Methadone alternative to hit Canadian market
Last Updated: Tuesday, November 20, 2007 | 2:43 PM ET
A new heroin-addiction treatment that many doctors say is safer than methadone can be prescribed in Canada starting this week.
The drug, sold under the names Subutex and Suboxone, contains buprenorphine, an opiate. Manufactured by Schering-Plough Corp., it was approved by Health Canada in 2005.
Dr. Mark Dubé, a private practitioner in Sudbury, Ont., has been prescribing methadone for years. He started prescribing Subutex and Suboxone in August to one of his methadone patients under a special access permit granted by Health Canada.
Dubé considers the drug safe. He argues the formulations to be sold in Canada contain antidotes that make using high doses unpleasant. But the medication is addictive.
According to Dr. H. Westley Clark, director of Washington, D.C.-based Substance Abuse and Mental Health Services Administration, if a drug can be abused, it will be.
"These are still opioids. It has a very good safety profile, but … they are not sugar pills," he told CBC News.
The U.S. Food and Drug Administration says buprenorphine is not as dangerous as crack cocaine, OxyContin and methamphetamines. But it is in the same category as Vicodin, a commonly abused painkiller.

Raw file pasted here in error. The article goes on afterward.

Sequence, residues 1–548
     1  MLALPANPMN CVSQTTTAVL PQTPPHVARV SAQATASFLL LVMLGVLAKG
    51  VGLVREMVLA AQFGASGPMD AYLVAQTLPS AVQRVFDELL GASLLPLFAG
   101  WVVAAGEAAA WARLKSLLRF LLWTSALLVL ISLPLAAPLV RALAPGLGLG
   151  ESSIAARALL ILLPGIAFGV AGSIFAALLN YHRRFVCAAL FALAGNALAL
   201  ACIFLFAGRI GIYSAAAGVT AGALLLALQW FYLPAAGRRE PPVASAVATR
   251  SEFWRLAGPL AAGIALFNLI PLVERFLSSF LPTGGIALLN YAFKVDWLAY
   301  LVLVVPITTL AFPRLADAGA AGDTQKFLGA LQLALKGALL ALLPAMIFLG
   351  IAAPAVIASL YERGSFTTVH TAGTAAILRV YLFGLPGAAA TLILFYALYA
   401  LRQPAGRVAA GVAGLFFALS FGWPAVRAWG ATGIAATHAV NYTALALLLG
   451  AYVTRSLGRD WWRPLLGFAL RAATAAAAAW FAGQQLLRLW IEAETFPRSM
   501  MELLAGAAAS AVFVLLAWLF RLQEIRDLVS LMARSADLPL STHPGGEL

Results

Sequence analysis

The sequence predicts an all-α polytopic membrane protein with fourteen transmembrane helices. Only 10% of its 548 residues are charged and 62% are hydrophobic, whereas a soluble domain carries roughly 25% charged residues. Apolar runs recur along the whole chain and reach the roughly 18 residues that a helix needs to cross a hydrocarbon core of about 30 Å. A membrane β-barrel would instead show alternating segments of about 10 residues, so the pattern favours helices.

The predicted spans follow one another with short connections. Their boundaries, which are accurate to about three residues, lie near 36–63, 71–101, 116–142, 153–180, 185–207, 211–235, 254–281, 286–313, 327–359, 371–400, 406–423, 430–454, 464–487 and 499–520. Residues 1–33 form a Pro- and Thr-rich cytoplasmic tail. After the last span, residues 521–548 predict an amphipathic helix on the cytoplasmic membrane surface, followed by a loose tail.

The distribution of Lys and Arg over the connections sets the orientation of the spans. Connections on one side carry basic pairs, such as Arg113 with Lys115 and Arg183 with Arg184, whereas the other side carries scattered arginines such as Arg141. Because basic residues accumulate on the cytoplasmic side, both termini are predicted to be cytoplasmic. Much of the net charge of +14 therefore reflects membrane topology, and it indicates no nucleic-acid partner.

As for the risk in Canada, each province will have to decide on its own how tightly to control it. "Across the province and at the college we're still trying to figure out what the appropriate supervision is — and it's still a work in progress," said Dubé.
He said he's hoping for flexible regulations, adding that strict rules would make it harder to treat patients.
The Ontario College of Physicians and Surgeons warns doctors on its website that opioid-addicted patients are at a higher risk for drug and alcohol abuse, including inappropriate mixing of alcohol or other drugs with prescribed medication.
"As with any new therapy or treatment, the college expects that all physicians who wish to use buprenorphine to treat opioid-dependent patients will have training/education in this drug, and addiction medicine generally, prior to initiating buprenorphine treatment," it says.